Verse I.22

From Buddha-Nature
Ratnagotravibhāga Root Verse I.22

Verse I.22 Variations

रत्नानि दुर्लभोत्पादान निर्मलत्वात् प्रभावतः
लोकालंकारभूतत्वादग्रत्वान् निर्विकारतः
ratnāni durlabhotpādāna nirmalatvāt prabhāvataḥ
lokālaṃkārabhūtatvādagratvān nirvikārataḥ
E. H. Johnston as input by the University of the West.[1]
འབྱུང་བ་དཀོན་ཕྱིར་དྲི་མེད་ཕྱིར། །
མཐུ་ལྡན་ཕྱིར་དང་འཇིག་རྟེན་གྱི། །
རྒྱན་གྱུར་ཕྱིར་དང་མཆོག་ཉིད་ཕྱིར། །
འགྱུར་བ་མེད་ཕྱིར་དཀོན་མཆོག་ཉིད། །
They are jewels because their appearance is difficult to encounter,
Because they are stainless, because they possess power,
Because they are the ornaments of the world,
Because they are supreme, and because they are changeless.
真寶世希有 明淨及勢力

能莊嚴世間 最上不變等

Les « Joyaux » sont ainsi nommés
Pour leur rareté, leur pureté et leurs pouvoirs,
Parce qu’ils sont les ornements du monde
Et parce qu’ils sont suprêmes et immuables.

RGVV Commentary on Verse I.22

Other English translations[edit]

Listed by date of publication
Obermiller (1931) [4]
They appear rarely, they are immaculate,
Are powerful, are an ornament of this world,
Are the highest (point of excellence), and cannot change,—
Therefore they have the character of jewels.
Takasaki (1966) [5]
[They are called] ' Jewels ', because
Their appearance is difficult to obtain,
They are immaculate and powerful,
And because of their being the ornament of the world,
And being the highest and unchangeable.
Holmes (1985) [6]
'Rare and supreme' because of being
a most rare occurrence, stainless,
powerful, the ornament of the world,
the best possible thing and changeless.
Holmes (1999) [7]
Rare and Supreme' because their occurrence is most rare,
they are stainless, powerful, the ornament of the world,
the best possible thing and changeless.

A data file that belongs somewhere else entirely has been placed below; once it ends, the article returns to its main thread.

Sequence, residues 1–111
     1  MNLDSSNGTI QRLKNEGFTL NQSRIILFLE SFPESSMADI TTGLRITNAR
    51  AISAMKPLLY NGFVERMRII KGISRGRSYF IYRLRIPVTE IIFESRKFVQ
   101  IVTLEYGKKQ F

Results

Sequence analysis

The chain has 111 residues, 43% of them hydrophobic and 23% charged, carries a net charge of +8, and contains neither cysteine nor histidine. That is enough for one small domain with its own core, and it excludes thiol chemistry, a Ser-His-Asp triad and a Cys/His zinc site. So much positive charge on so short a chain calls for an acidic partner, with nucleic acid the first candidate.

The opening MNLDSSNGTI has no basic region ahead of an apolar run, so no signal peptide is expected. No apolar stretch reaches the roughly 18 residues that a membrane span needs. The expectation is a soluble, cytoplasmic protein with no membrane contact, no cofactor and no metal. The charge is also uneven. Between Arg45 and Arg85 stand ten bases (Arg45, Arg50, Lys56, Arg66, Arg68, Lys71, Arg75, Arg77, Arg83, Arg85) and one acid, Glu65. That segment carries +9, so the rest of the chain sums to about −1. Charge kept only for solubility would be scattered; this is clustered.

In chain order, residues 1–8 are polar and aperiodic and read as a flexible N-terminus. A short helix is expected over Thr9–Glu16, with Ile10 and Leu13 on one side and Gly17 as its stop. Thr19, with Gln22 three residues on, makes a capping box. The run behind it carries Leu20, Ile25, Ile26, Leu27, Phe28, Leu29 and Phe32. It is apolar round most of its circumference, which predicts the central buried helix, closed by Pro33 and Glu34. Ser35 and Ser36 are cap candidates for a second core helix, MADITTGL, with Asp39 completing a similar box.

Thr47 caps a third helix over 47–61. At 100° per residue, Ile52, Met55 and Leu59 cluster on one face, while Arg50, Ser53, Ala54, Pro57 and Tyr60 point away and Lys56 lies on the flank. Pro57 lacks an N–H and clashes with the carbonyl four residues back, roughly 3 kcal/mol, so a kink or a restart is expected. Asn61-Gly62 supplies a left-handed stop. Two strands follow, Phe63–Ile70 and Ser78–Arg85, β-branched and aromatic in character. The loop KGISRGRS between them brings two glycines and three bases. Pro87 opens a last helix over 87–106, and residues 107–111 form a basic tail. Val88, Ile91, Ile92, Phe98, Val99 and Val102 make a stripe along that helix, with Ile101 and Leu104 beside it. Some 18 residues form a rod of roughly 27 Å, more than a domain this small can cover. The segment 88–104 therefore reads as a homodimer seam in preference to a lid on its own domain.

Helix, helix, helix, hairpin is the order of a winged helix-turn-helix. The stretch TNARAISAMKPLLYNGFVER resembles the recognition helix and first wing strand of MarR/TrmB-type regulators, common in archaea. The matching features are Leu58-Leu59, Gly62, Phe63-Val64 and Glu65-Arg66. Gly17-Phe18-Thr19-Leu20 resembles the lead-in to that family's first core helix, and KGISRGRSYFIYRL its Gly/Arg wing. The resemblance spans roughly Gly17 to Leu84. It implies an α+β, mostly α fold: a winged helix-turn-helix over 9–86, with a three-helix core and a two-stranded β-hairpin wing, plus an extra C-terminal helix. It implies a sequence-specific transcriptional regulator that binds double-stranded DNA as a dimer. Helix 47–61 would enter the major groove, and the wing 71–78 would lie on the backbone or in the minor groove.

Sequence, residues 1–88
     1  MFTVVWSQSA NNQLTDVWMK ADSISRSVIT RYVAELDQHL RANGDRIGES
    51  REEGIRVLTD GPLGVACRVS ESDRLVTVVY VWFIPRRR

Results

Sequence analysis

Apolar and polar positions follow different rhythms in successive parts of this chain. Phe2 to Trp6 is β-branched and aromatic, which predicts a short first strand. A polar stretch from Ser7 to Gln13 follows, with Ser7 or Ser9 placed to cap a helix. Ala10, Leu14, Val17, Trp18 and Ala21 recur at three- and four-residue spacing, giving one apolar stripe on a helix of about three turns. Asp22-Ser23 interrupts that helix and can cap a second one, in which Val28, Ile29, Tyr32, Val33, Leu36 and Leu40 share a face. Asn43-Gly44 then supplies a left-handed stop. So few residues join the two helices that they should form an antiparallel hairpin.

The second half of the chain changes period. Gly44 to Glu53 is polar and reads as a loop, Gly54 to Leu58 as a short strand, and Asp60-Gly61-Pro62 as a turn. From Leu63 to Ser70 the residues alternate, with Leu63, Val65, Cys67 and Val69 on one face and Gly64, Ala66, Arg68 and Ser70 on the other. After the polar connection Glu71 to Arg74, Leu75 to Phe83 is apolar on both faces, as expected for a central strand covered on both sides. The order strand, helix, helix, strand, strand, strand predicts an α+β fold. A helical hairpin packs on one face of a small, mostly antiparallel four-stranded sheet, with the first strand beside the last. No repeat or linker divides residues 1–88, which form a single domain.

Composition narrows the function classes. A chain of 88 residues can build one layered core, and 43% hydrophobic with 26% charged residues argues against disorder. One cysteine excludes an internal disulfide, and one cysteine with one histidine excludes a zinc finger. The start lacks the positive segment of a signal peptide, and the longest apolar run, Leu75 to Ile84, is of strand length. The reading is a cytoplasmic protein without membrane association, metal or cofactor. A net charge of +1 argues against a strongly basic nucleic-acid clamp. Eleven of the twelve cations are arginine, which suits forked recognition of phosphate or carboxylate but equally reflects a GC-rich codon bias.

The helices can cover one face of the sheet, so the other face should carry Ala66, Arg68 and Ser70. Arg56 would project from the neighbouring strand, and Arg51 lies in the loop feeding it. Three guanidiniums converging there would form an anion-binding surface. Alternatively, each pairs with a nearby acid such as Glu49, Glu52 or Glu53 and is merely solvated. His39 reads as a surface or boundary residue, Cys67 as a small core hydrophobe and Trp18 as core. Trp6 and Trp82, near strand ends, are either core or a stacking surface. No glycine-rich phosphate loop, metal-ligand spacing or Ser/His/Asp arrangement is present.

Fuchs (2000) [8]
Their occurence is rare, they are free from defilement,
they possess power, they are the adornment of the world,
they are sublime, and they are unchanging.
Thus [they are named] "rare and sublime."

Textual sources[edit]

Commentaries on this verse[edit]

Academic notes[edit]

  1. Digital Sanskrit Buddhist Canon Unicode Input
  2. Brunnhölzl, Karl. When the Clouds Part: The Uttaratantra and its Meditative Tradition as a Bridge between Sūtra and Tantra. Boston: Snow Lion Publications, an imprint of Shambhala Publications, 2014.
  3. J śobha, which can also mean "brilliant," "lustrous," or "beautiful"; DP "virtuous" (dge ba). Thus, from a Buddhist point of view, "splendid or beautiful intentions"are those that are virtuous.
  4. Obermiller, E. "The Sublime Science of the Great Vehicle to Salvation Being a Manual of Buddhist Monism." Acta Orientalia IX (1931), pp. 81-306.
  5. Takasaki, Jikido. A Study on the Ratnagotravibhāga (Uttaratantra): Being a Treatise on the Tathāgatagarbha Theory of Mahāyāna Buddhism. Serie Orientale Roma 33. Roma: Istituto Italiano per il Medio ed Estremo Oriente (ISMEO), 1966.
  6. Holmes, Ken & Katia. The Changeless Nature. Eskdalemuir, Scotland: Karma Drubgyud Darjay Ling, 1985.
  7. Holmes, Ken & Katia. Maitreya on Buddha Nature. Scotland: Altea Publishing, 1999.
  8. Fuchs, Rosemarie, trans. Buddha Nature: The Mahayana Uttaratantra Shastra. Commentary by Jamgon Kongtrul and explanations by Khenpo Tsultrim Gyamtso. Ithaca, N. Y.: Snow Lion Publications, 2000.